When investing in workout equipment like resistance bands, it is very important to know what to do with the product once you get it. What types of exercises should you use with different types of resistance bands? Here are the best ways to use different types of resistance bands!
Resistance bands with handles should be used when you want to build your muscle strength in a wide range of exercises. Therapy bands should be used in pilates programs and for general strength training. Loop bands should be used in leg and buttock workouts.
What makes each type of resistance band different from the other? What are the appropriate types of workouts to pair with them? Let’s go over the nuances of various resistance bands and their corresponding exercises!
What Are Resistance Bands?
First off, what are fitness resistance bands? They are pieces of extremely useful workout gear. They are lightweight, elastic bands of varying lengths, resistance levels, and colors that are used to induce muscular contractions while working out at home or at the gym. Each time you stretch with resistance bands, the contracting motion builds strength in your muscles as you pull against the band.
All resistance bands vary greatly in size, color, handles, and shape, and they may have loops or be non-looped. Thankfully, since they are often so affordable, entire packs and sets of resistance bands can be purchased for around $30 or less online.
Resistance Bands with Handles
These bands have tubes that are primarily used for building up your muscle strength and size as you work out. This is because the handles offer a sturdy grip and let you attempt a wide variety of exercises. This means you can execute exercises you might do at the gym by using free weights or machines.
Bear in mind, stackable resistance bands often use carabineers to let the user combine bands so that you can increase or decrease the resistance level as desired.
Therapy Flat Resistance Bands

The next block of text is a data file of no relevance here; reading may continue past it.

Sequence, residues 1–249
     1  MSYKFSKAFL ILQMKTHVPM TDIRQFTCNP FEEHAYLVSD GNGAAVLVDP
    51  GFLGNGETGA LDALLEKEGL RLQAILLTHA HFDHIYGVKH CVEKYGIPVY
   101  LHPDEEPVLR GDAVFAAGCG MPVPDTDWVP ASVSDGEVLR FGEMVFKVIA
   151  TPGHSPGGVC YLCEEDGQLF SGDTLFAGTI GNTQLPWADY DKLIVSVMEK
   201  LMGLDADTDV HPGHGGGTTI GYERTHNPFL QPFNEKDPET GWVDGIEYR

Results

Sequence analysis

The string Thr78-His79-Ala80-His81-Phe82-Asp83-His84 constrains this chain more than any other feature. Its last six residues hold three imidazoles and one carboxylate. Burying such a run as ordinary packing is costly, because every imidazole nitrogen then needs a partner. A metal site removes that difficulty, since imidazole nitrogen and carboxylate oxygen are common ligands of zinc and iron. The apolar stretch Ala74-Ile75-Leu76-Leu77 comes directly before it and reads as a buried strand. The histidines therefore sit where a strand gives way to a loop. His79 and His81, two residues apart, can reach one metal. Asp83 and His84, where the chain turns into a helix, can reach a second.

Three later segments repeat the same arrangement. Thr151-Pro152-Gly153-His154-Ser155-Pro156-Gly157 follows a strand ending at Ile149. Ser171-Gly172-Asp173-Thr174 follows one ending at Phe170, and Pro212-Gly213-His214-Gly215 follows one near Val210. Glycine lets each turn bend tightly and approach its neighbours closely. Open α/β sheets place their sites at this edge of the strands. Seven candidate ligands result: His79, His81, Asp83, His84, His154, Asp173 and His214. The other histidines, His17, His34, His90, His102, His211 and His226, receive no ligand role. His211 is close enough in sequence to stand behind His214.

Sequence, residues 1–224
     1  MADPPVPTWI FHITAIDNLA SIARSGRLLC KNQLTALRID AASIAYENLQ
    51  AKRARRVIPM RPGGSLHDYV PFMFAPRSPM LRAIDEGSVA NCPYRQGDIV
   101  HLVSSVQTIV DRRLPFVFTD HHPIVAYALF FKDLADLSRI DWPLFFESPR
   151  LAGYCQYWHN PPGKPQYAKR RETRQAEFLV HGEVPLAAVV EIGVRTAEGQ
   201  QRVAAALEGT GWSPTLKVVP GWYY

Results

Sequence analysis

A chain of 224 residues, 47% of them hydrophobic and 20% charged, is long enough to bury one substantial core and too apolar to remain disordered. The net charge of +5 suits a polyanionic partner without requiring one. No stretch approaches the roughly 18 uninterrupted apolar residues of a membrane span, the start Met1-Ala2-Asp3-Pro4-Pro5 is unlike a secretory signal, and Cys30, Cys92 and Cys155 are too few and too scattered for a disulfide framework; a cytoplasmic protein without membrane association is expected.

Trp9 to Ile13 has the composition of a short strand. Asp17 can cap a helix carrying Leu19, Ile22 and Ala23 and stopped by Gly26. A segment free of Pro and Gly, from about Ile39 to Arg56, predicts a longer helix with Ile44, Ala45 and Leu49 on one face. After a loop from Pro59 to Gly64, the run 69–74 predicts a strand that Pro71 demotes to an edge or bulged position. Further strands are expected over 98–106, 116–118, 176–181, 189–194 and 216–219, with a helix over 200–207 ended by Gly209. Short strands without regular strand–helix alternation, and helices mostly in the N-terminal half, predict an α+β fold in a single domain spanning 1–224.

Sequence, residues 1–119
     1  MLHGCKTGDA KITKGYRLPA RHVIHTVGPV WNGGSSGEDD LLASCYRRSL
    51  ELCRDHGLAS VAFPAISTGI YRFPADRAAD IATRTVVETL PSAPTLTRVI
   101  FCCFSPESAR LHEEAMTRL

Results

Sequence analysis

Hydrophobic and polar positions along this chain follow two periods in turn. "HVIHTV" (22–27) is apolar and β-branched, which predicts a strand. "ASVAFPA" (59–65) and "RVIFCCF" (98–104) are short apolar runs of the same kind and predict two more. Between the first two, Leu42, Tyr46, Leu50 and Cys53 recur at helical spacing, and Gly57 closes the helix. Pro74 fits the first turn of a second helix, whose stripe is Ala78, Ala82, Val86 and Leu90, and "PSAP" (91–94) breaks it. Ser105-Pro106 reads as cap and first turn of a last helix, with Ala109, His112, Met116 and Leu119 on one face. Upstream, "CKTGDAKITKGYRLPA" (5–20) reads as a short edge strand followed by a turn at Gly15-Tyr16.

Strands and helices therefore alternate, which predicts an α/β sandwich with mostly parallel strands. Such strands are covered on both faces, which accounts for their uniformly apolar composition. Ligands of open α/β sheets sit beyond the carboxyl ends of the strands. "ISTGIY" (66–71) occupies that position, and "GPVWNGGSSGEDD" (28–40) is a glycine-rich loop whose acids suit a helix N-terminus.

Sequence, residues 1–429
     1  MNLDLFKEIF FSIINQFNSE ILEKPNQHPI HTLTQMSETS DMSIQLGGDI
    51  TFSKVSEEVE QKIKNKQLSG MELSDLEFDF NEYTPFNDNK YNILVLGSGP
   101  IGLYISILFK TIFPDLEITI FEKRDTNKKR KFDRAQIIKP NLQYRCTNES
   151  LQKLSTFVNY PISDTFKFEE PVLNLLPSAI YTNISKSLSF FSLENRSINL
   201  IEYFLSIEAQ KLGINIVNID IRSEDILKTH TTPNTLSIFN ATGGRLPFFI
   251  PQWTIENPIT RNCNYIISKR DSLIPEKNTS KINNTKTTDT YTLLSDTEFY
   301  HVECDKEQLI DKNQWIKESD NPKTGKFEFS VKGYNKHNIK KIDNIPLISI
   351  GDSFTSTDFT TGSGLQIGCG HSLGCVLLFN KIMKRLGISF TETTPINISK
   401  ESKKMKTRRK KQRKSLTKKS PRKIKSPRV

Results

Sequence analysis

Most physical therapists, sports therapists, and physical rehabilitation offices and centers will use flat therapy bands. This is because they are wide, flat, and made to easily wrap around your hand and be adjusted so the length fits your needs. They can even be cut into smaller pieces or just used while you stretch out.
Flat therapy bands are also often used in pilates programs and circles for additional resistance and in general strength training, so pick them up for easy and intense exercise!
Loop bands are bands that are a lot like therapy bands. They’re just smaller and make a closed loop. Most people use them for strengthening the legs and buttocks. Most gyms and physical therapy offices will carry them.
Leg and Arm Tube Resistance Bands
These bands are often closed-loop tube bands. They come in multiple variations, like leg bands with ankle cuffs or figure-8 shapes with handles for upper-body workouts. These bands are used for muscle-specific exercises and will limit the variety of exercises that can be performed with them.
Therapy Resistance Band Exercises
There are several types of resistance bands that you can buy and use. One of the bands that you can put to use is the therapy band. These bands are nearly always used for rehabilitation purposes, as the name implies. These bands do not have handles and are very gentle on the body.
Therapy bands have a flat surface instead of a tubular structure. Some people work with therapy bands to progress their mental rehabilitation in addition to their physical rehabilitation.
Remember that these bands are best for rehabilitating your body, they are often around 4 feet long, and they have a flat surface. Each therapy band may come in a variety of colors depending on what company and brand is selling it. Since these bands often offer less resistance, you will get a deeper stretch out of them and thus should use them for mobility training.